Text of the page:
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Re: Power-walking tyrannosaurs

Congrats Heinrich! Looks like this is making a splash!


On 8 November 2011 04:53, bh480@scn.org <bh480@scn.org> wrote:
> From: Ben Creisler
> bh480@scn.org
> An online article on the Nature site and the abstract from the SVP,
> challenging Alexander’s calculations for theropod locomotion:
> Tyrannosaurs were power-walkers
> http://www.nature.com/news/2011/111107/full/news.2011.631.html
> MALLISON, Heinrich, Museum fr Naturkunde - Leibniz Institute for Research
> on Evolution and Biodiversity at the Humboldt University Berlin, Berlin,
> Germany
> Locomotion speeds of dinosaurs are often calculated from ichnofossils,
> using Alexander’s  formula that is based on data mainly from mammals and
> birds. Results indicate that dinosaurs were rather slow compared to
> mammals. Inaccuracies due to errors in hip height  estimates and other
> factors are expected, but the method is generally accepted to deliver at
> least "ballpark figures". However, in nearly all dinosaurs except theropods
> the hind limbs differ significantly from both mammals and birds in the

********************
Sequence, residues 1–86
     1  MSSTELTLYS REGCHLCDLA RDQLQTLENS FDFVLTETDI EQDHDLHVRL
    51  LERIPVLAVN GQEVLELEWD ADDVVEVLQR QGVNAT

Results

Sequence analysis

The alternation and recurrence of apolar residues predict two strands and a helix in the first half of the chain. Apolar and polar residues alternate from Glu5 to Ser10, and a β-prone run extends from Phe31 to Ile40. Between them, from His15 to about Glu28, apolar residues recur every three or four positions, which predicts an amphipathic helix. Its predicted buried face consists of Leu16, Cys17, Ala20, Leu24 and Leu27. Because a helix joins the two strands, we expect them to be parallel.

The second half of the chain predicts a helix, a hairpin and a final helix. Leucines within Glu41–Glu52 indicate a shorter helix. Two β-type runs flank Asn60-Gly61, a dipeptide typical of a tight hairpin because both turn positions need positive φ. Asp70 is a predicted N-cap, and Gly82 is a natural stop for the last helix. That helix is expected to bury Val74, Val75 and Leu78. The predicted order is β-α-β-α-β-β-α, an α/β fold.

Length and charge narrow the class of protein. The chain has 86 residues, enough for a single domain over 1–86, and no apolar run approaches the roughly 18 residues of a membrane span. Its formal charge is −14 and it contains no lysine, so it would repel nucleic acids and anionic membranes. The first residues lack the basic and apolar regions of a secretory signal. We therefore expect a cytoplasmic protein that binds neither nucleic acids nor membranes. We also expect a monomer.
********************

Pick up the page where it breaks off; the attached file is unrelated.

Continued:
> distribution of maximal joint torques possible. Is it biomechanically sound
> to apply the formula under these circumstances? A detailed assessment of
> dinosaur limbs, using musculoskeletal modeling in SIMM and Computer Aided
> Engineering (CAE) kinetic/dynamic modeling, taking gravity, mass
> distribution and inertia into account, indicates that a basic tenet of
> Alexander’s formula, the proportional relationship between stride length
> (SL) and stride frequency (SF) seen in mammals and birds, is unlikely to
> have existed in non-theropod dinosaurs, and may have had an unusually low
> slope in theropods. This means that speeds calculated from tracks are the
> slowest speeds at which the animals have moved, but may be significantly
> too low. We may therefore not expect to gain information on the top speeds
> of dinosaurs from tracks at all. Skeleton-based analyses can suffer from
> similar uncertainties, because large limb excursion angles as seen in
> quickly moving mammals create high forces in the limbs. Usually, similar
> limb kinematics are assumed for dinosaurs. However, if dinosaurs combined
> high SFs with short SLs, they were able to move far faster for given
> maximal forces in the joints than previous models suggest. The modeling
> results from SIMM and CAE suggest that dinosaurs used much higher SF/SL
> ratios than mammals, achieving absolute speeds in walking gaits that force
> same-size mammals into running gaits.
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